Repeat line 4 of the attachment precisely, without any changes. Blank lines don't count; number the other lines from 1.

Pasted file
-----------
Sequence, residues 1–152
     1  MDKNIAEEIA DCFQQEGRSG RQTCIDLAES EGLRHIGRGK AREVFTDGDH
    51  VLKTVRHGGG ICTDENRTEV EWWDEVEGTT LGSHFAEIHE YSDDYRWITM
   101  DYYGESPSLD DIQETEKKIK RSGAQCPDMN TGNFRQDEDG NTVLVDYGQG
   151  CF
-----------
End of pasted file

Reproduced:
   101  DYYGESPSLD DIQETEKKIK RSGAQCPDMN TGNFRQDEDG NTVLVDYGQG